The French data protection authority (CNIL) has fined Apple €8,000,000 ($8.5 million) for collecting user data for targeted advertising on the App Store without request or obtain user consent.

This practice is considered a violation of Article 82 of the French Data Protection Act (LPD), a national directive that aligns with the GDPR (General Data Protection Regulation), which is applicable in all Europe.

Article 82 of the LPD requires that “any action by which an electronic communication service accesses or inserts information into the terminal equipment of a user (such as the registration of cookies) requires the consent of the user. “.

It’s the same item which Facebook and Google have violated in the past by making it difficult for visitors to their website to find the option to reject tracking cookies, for which the CNIL fined Facebook and Google €60,000,000 (68 million) and €150,000,000 ($170 million) respectively.

As the CNIL explains in the justification for the sanction, the setting for disabling persistent identifiers allowing Apple to profile users is available on iOS and set to “enabled” by default, but it is somewhat hidden.

Specifically, the option is in the “Apple Advertising” section of the “Privacy” subsection of the iOS “Settings” menu.

This means that the user had to follow several targeted steps to find and deactivate this tracking system, and it is presumed that most will not know how to do it or will not bother to look for it.

According to the CNIL announcement, user profiling was done automatically on iOS 14.6, which is the version reviewed by the data protection authority following user reports.

“The CNIL services found that under the old version 14.6 of the iPhone operating system when a user visited the App Store, the identifiers used for several purposes, including the personalization of advertisements on the App Store, were by default automatically played on the device without obtaining consent.” – CNIL.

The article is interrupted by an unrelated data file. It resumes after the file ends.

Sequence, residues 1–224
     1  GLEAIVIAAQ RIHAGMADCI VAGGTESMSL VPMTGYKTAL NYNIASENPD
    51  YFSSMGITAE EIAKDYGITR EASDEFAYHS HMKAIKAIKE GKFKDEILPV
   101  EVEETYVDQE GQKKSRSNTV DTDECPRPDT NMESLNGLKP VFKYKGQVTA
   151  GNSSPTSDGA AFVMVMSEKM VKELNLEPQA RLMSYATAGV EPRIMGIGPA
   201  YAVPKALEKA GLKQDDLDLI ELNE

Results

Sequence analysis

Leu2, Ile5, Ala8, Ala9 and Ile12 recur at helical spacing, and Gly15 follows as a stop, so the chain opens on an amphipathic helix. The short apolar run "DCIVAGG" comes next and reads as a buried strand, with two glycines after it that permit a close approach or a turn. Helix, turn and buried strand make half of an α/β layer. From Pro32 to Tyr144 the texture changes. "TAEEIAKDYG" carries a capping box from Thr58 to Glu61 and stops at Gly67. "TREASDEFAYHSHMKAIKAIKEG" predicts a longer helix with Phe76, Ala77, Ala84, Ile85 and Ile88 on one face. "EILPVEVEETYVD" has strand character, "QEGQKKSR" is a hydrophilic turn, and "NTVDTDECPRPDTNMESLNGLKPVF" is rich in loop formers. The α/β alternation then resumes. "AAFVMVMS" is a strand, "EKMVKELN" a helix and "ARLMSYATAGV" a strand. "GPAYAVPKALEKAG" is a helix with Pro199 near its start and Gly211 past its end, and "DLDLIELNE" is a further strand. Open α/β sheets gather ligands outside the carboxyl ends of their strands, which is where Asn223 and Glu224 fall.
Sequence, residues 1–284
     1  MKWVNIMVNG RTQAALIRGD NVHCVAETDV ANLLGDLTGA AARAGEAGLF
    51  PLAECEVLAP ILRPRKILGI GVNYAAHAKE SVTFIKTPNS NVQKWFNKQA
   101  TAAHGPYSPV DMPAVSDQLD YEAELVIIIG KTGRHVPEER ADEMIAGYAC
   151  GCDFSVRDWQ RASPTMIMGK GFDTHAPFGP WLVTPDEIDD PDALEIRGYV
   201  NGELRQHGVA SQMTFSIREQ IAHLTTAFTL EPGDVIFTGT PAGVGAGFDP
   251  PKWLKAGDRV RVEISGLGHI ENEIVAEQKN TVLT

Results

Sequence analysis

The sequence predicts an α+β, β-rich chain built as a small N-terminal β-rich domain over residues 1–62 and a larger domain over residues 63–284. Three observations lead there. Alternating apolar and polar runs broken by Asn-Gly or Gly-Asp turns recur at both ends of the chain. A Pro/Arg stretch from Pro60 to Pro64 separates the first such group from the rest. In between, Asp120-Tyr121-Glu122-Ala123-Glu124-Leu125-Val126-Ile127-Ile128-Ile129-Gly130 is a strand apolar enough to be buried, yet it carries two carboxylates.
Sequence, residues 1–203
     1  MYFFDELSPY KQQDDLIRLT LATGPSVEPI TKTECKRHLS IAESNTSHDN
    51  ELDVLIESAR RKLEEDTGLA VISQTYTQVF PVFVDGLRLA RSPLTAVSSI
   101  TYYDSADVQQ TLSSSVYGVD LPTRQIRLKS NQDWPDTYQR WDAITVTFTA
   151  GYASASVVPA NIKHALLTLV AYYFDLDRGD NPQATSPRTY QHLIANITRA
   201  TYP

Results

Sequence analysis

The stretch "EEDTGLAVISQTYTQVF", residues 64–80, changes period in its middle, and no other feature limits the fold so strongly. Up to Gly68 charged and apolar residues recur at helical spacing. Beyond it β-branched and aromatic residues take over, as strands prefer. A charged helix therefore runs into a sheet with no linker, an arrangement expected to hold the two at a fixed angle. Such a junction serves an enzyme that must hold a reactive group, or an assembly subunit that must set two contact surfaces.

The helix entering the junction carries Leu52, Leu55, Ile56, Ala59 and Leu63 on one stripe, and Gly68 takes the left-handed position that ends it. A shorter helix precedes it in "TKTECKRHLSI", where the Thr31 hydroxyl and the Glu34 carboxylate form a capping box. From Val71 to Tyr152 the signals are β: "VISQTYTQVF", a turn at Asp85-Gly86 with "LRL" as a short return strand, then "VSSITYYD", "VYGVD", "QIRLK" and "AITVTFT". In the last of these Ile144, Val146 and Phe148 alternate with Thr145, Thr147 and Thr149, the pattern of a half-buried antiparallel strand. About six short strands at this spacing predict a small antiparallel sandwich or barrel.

The CNIL suggests that Apple could keep the option “buried” in the settings menu as long as it prompts the user to consent to App Store tracking when first setting up the device, which does not was not the case in iOS 14.6.

Apple has since addressed this issue, so newer versions of iOS handle user consent issues in accordance with applicable data protection laws.

However, the CNIL still had to impose a fine for the period of infringement, with the €8 million figure reflecting the number of users impacted in France and the estimated indirect profits the company made from targeted advertising. .

Asked for comment, a spokesperson for Apple France told BleepingComputer that they plan to appeal the CNIL’s decision.

Here is Apple’s statement in full:

We are disappointed with this decision given that the CNIL has previously acknowledged that the way we serve search ads in the App Store prioritizes user privacy, and we will appeal.

Apple Search Ads goes further than any other digital advertising platform we know of by giving users a clear choice about whether or not they want personalized ads.

Additionally, Apple Search Ads never tracks users across third-party apps and websites and only uses first-party data to personalize ads.

We believe that privacy is a fundamental human right and that a user must always decide what to share their data with and with whom.


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